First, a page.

“The Dark Tower” is a bland, benign mediocrity that’s probably significantly worse if you’ve read the Stephen King novels it’s based on. As a non-reader (of those; I’ve read other books), I don’t know what level of violence has been done to the source material by director Nikolaj Arcel (“A Royal Affair”) and the unremarkable 87-minute (without closing credits) screenplay for which he and three other men are credited, nor can I speak to which of the eight books the film’s half-baked story is drawn from/has ruined.
On the screen, it’s the story of Jake Chambers (Tom Taylor), an adolescent New Yorker with a strong “shine” (psychic power) that manifests itself as vivid dreams that his mother (Katheryn Winnick) and stepfather (Karl Thaning) think are signs of mental illness. Like all movie children, Jake draws detailed pictures of his dreams, which are of an Old West-ish planet called Mid-World where a cool Gunslinger (Idris Elba) seeks revenge against the Man in Black (Matthew McConaughey), a Satany magician who, with his well-organized multi-world army of human-skin-wearing minions, is trying to destroy the Tower in the clouds that protects the universe from being overrun by extra-dimensional monsters.
But again, that’s the movie. For all I know, the books are about old English ladies who solve mysteries.
Thanks to portals (this is the kind of universe where there are portals), Jake travels to Mid-World and meets the Gunslinger, who is impressed by Jake’s powerful shine. The Man in Black, whose name is Walter, is impressed, too. He learns of Jake’s abilities by having one of his underlings (Jackie Earle Haley) taste some of Jake’s blood (analysis: “His shine is pure”), which they have because the floorboards in the dilapidated Brooklyn house where the portal is hidden came to life and tried to prevent the boy from using it, drawing blood in the process. It’s a tale as old as time.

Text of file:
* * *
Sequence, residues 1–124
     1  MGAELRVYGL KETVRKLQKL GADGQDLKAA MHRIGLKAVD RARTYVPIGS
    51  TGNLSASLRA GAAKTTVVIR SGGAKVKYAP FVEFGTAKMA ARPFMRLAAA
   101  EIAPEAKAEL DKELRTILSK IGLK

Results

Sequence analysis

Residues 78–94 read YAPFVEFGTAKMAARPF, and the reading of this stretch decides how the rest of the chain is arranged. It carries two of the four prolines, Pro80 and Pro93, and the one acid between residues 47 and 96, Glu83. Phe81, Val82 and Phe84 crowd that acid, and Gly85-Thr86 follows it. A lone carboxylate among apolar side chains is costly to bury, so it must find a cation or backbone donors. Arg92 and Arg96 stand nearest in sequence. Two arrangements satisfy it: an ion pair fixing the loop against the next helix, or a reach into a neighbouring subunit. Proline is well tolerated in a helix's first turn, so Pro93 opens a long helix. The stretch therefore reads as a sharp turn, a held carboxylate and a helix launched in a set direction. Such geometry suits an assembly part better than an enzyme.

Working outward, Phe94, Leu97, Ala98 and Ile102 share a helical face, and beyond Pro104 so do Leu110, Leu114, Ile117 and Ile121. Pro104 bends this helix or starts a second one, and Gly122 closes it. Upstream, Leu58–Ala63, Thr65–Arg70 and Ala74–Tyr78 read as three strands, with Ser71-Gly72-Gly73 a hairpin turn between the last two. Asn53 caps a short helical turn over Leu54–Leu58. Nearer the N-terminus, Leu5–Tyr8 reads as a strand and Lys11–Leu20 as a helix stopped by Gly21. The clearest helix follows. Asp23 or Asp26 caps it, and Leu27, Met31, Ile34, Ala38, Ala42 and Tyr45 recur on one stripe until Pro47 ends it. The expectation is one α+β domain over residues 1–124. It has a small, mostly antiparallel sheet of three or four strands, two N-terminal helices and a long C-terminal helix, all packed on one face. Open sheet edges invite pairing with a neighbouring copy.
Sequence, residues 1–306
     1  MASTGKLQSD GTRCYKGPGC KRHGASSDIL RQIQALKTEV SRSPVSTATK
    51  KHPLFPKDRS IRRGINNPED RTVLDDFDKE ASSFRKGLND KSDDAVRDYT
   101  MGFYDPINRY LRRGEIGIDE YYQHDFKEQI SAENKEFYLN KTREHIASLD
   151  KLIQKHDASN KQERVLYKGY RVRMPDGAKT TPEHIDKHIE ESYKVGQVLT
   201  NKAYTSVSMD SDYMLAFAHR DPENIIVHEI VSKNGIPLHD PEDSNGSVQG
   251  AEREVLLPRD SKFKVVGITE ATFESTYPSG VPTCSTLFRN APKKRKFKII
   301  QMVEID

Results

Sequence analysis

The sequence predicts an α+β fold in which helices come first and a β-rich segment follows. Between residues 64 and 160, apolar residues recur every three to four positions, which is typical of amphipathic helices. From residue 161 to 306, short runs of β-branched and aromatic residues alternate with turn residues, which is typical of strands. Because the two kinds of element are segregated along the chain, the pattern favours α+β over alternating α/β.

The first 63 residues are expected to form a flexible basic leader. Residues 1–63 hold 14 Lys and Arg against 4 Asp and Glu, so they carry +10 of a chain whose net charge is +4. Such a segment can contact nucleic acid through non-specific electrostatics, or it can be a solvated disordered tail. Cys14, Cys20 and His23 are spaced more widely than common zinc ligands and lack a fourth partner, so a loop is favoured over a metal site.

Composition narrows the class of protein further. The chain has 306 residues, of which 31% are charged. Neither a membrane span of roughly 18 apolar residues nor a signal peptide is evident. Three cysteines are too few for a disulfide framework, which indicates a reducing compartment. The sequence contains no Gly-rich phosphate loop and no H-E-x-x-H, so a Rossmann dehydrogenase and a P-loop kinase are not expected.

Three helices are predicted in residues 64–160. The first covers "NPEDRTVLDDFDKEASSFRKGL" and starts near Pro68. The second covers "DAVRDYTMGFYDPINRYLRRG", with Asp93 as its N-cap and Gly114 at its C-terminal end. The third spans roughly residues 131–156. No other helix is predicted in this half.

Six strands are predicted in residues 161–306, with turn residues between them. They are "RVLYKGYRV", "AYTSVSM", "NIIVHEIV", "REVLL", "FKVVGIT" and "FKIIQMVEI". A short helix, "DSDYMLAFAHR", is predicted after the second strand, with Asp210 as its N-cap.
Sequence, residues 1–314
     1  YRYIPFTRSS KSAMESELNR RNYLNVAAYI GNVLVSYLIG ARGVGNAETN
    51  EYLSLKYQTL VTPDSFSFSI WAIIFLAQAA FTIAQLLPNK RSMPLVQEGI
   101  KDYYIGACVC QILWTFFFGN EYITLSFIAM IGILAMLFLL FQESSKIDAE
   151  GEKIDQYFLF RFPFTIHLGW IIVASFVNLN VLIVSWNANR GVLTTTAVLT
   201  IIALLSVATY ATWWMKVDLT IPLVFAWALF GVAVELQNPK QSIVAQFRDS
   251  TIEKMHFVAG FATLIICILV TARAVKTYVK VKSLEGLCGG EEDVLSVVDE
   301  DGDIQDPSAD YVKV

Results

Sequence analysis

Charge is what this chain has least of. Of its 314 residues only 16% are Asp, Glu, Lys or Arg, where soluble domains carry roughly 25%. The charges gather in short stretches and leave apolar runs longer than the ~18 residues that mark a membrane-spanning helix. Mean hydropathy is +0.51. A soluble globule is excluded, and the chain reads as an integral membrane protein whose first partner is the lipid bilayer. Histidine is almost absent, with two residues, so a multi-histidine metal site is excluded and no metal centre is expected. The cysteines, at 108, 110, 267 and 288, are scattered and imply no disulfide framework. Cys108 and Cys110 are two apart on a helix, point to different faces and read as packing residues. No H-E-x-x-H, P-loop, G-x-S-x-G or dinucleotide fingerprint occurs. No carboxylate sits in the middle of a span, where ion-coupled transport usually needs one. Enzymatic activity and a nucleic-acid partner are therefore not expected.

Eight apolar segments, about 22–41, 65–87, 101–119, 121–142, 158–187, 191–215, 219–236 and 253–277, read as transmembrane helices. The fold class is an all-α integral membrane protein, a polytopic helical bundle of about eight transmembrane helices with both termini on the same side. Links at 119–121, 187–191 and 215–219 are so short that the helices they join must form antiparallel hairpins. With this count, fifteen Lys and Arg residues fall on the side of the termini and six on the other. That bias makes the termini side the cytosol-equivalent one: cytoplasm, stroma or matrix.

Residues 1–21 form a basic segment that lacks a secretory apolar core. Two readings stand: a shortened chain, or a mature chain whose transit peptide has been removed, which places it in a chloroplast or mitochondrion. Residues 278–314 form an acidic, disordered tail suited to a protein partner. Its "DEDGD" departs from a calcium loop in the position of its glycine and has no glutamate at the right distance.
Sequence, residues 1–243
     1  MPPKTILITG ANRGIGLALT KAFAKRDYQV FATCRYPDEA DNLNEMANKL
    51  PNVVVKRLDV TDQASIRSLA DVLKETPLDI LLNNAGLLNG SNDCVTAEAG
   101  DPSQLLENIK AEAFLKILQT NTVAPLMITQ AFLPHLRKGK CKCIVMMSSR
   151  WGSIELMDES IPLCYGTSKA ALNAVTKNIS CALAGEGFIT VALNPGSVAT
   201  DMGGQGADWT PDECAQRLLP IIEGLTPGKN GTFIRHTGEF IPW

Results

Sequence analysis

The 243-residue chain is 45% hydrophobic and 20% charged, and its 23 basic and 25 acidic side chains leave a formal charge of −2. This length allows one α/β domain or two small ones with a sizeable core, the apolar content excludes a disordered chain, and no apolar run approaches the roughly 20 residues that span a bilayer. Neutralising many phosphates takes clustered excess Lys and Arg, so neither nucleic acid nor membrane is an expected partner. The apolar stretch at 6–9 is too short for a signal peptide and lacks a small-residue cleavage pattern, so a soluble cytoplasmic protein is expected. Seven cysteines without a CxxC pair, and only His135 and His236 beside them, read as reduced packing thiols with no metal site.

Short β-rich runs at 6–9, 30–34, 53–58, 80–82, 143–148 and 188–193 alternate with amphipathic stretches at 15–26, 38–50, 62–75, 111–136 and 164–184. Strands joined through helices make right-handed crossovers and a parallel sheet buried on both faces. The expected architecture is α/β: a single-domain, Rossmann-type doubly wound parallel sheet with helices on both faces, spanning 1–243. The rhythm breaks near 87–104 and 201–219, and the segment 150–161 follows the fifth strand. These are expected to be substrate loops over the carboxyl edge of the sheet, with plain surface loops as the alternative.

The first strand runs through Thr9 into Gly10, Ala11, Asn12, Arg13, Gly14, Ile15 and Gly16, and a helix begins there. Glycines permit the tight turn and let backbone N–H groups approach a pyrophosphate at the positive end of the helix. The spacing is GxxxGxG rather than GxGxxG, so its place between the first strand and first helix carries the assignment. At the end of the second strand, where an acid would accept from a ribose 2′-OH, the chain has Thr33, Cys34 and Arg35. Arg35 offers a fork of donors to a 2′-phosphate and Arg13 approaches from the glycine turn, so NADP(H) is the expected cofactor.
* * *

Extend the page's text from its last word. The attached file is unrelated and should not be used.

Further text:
The film hints at deeper, richer mythologies than it has time for (or than it has interest in, I guess; the movie’s pretty short). There’s a glossed-over, watered-down feel to everything — not rushed, exactly, but disinterested. The stakes seem low even though they are not. But Elba’s stoic Gunslinger is aces, McConaughey is a sonorous, low-key ham, and the kid is fine. Though there are bumpy patches in the narrative, it mostly avoids being ludicrous, remaining a few (but not many) steps above a made-for-SyFy series pilot.
C (1 hr., 35 min.; )